But sharing isn’t all Campus Protein does. Having collected over 1,800 reviews and countless images through their hashtag #teamcp, they’ve taken all that UGC and integrated it into their product pages as well.
With their hashtag #Gymshark, Gymshark takes a similar approach and uses UGC in top-of-funnel and bottom-of-funnel content.
The reason for this integration comes straight from the data. According to Yotpo’s benchmark study of more than half a million online shoppers, people who see UGC are 166% more likely to convert than those who don’t. In essence, when you leverage UGC in branded content, you make the customer the hero, instead of the company.
Generating UGC comes down to a handful of intentional steps. First, actively invite people to provide UGC not just on social but especially through transactional emails like order confirmations. Second, make submitting UGC as easy as possible with dedicated hashtags. Third, use UGC tools like Yotpo or Engage Hub to collect reviews, ratings, photos, and customer stories.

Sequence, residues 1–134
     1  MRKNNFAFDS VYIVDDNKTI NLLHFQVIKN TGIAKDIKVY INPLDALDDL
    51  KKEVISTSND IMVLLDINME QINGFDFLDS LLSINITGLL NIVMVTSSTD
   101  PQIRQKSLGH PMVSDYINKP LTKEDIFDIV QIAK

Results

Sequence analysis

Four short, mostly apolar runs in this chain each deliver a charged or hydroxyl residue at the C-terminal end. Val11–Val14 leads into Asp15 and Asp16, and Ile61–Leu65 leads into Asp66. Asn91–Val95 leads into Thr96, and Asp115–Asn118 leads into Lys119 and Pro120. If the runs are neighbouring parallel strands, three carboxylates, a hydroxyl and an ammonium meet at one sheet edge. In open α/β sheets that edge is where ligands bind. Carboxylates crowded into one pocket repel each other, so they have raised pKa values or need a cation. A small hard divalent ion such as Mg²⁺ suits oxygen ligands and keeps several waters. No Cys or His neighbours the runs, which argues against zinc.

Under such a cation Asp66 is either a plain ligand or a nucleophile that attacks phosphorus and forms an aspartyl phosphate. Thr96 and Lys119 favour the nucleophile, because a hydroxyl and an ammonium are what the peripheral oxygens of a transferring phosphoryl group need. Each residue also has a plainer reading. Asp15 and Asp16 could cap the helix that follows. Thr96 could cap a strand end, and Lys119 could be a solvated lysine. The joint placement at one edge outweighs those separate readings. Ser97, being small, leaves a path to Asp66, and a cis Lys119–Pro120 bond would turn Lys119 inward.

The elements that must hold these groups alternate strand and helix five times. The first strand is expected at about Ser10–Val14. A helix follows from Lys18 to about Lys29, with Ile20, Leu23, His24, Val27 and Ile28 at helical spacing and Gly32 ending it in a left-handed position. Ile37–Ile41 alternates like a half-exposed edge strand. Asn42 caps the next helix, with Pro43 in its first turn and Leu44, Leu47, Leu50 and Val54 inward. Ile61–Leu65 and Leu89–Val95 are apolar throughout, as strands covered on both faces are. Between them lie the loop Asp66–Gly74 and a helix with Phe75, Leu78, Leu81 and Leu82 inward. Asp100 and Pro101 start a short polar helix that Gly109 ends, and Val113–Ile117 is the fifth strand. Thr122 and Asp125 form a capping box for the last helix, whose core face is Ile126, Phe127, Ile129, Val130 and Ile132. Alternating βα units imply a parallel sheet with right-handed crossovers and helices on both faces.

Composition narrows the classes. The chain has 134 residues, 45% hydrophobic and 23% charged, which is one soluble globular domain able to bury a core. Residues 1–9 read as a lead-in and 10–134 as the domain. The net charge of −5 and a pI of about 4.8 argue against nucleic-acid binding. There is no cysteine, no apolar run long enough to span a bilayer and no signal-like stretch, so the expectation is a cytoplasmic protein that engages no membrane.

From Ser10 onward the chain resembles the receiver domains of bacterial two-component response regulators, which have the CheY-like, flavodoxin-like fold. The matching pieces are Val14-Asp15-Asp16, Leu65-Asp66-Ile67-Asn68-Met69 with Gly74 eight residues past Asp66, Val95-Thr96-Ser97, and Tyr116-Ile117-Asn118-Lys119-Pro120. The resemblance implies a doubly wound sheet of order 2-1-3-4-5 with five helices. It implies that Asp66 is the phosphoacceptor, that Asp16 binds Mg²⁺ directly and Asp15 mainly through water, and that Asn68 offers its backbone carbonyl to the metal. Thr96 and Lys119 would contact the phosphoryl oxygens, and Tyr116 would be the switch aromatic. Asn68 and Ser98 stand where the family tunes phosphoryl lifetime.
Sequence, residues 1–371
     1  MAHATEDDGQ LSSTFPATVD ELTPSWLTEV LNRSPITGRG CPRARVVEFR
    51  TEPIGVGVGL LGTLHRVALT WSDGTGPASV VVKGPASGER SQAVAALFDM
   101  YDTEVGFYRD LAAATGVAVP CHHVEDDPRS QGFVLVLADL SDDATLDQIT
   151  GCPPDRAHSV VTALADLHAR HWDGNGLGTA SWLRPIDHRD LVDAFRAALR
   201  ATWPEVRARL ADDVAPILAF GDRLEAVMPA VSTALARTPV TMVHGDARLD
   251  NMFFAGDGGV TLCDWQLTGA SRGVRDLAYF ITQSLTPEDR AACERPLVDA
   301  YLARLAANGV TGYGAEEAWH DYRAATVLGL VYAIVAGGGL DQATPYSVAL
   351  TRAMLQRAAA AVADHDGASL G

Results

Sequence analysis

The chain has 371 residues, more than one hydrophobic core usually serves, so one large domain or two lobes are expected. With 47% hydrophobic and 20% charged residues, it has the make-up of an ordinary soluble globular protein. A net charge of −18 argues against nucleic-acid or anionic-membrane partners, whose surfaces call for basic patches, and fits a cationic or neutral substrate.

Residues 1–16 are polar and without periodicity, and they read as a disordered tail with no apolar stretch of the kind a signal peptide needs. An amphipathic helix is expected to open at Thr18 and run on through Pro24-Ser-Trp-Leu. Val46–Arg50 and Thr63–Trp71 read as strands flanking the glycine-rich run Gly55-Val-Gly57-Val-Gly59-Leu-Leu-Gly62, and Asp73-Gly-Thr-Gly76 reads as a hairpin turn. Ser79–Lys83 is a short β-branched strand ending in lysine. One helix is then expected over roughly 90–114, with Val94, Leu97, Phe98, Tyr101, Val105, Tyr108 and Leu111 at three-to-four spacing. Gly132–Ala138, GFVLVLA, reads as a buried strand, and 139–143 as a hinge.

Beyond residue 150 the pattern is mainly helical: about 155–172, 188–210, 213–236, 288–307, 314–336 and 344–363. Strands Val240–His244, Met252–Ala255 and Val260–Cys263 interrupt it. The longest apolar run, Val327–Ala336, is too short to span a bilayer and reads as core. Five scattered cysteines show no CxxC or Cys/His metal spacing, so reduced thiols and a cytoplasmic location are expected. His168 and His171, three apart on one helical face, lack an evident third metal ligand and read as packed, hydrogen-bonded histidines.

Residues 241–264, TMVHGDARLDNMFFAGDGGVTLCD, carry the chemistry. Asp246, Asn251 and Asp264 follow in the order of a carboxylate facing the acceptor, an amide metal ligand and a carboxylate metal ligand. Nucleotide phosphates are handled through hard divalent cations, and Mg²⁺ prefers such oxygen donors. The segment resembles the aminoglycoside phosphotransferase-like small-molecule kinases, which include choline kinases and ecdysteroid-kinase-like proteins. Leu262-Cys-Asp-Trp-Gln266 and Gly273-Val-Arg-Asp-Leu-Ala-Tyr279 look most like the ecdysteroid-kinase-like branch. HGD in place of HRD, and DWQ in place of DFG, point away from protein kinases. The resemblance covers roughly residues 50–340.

Remember, you’re not your best salesperson. Your customer is.
The truth is, despite the explosion of branded content, few have overcome its fundamental problem: Everybody hates branded content.
For example, Beckon’s study “Marketing Truth or Marketing Hype?” found that “while branded content creation is up 300 percent year over year, consumer engagement with that content is totally flat.” According to their numbers, a mere 5% of all branded content accounts for 90% of total engagement.
That’s an uncomfortable ratio. But it also presents an opportunity. If 5% fuels 90%, then getting branded content right has huge payoffs.
Thankfully, it’s no secret what makes content lovable: for people, by people, that entertains and educates. In the words of the 20th century’s patron saint of advertising, David Ogilvy: “You know, you can’t bore people into buying your product. You can only interest them in buying it.” The same thing is true today.
What do you think? Have you tried any of these methods for getting your audience to love your branded content? Do you have any other tips to share? Please let us know your thoughts in the comments below.